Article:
For some, leaving a beloved family pet behind can be one of the most challenging parts of moving into aged care.
So, it was no surprise when the residents of Uniting Pacifica Nambucca in New South Wales decided that they wanted to adopt a community pet.
But no one was expecting just how much the company of a dog would change their lives.
Georgia the greyhound was adopted from Greyhounds as Pets, a not-for-profit initiative coordinated by Greyhound Racing NSW that strives to find calm, loving homes for animals that may have previously been used in dog races.
After a little time settling in, Georgia became a permanent fixture in residents’ lives. She now spends her mornings visiting the staff and residents, and the love and attention that the residents receive during her rounds is just as important to Georgia as it is to them.
“She means everything to me,” one resident says. “I fell in love with her the first time I laid eyes on her,” another chimes in.
Greyhounds are surprisingly low-maintenance pets that require less exercise than one might think. They’re also gentle and good-natured, which makes them the perfect companion.
With boundless affection and a generally quiet demeanour, Georgia has proved an ideal friend for residents who benefit from an animal’s companionship but have physical or other limitations that mean they can’t cater to its every need.
The benefits of pet therapy in aged care are well known – one survey found that 90 per cent of respondents believed access to pets was vitally important for residents’ well-being.
While it’s generally acknowledged that pets can promote community spirit and encourage friendships, not every aged care home can cater for multiple residents with pets.
This is where pet therapy organisations come in.
Australia has many pet therapy, or animal-assisted therapy, organisations, which exist to bring people in hospices, hospitals, aged care homes or those suffering from various physical or mental disabilities into contact with animals.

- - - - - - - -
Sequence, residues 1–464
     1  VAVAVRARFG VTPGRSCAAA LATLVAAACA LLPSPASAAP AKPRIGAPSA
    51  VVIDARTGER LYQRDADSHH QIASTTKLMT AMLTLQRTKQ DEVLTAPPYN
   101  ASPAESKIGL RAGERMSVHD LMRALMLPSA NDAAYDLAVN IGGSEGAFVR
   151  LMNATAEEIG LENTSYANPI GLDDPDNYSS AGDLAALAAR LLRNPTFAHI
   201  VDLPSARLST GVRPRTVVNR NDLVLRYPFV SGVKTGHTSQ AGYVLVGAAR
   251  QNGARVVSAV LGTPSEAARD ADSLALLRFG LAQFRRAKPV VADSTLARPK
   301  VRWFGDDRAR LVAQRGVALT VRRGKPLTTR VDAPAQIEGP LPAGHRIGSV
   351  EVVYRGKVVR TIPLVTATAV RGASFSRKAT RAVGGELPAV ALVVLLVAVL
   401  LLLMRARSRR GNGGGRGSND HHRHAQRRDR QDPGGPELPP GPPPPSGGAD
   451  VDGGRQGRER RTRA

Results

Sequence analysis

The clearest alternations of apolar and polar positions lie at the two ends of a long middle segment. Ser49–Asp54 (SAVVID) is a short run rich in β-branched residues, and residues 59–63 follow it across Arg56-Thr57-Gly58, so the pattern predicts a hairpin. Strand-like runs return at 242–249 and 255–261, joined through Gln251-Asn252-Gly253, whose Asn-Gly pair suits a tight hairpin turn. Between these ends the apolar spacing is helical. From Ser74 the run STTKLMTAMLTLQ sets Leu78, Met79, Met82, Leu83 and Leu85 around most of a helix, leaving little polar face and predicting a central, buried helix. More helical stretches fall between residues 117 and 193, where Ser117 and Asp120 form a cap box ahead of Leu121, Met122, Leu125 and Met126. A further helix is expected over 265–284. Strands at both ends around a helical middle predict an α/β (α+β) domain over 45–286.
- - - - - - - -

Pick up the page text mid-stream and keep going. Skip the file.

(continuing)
Pet therapy is known to help reduce blood pressure and increase physical activity in people of all ages and demographics.
For example, Connie Johnson, who has long been publicly documenting her cancer battle, recently had one of Alpaca Therapy’s adorable camelids visit her in her hospice.
People living with dementia in particular often benefit from the presence of an animal so many dementia therapy units offer scheduled visits from cats, dogs or even horses to perk up residents.
If a resident had strong ties with a type or breed of animal in their past, triggering these memories with an animal visit can often help them feel more at ease and even temporarily improve coherency.
Likewise, a recent study also shows that elderly people with depression recover better from incidents such as surgery or injury if they have a pet, because it moderated the effects depression, if not the rate.
“Pets offer an unconditional love that can be very helpful to people with depression,” Ian Cook, director of the Depression Research and Clinic Program at UCLA, says.
Whether it’s the easy cuddles or a feeling of general companionship without having to try too hard, interaction with a pet seems to help improve mild to moderate depression, he told Web MD.
Pets can also help ease the sense of loss associated with the passing of a loved one or the isolation from a familiar family environment, making pet therapy especially helpful to those who are just settling into an aged care home.
Georgia may not have had the best start to life, but now that she’s settled into the new environment of Uniting Pacifica Nambucca, and has been helping residents regain a sense of companionship they may have otherwise thought lost.
“She is special, adorable and a gorgeous girl,” one resident says of the greyhound, who spends every night sleeping on one of the home’s couches, cosy in a warm dog-jacket.
“I’ve never heard a bad remark said about her, everyone loves her,” another says.
Do you believe in the healing power of pets? Has your pet helped you recover from an injury or illness?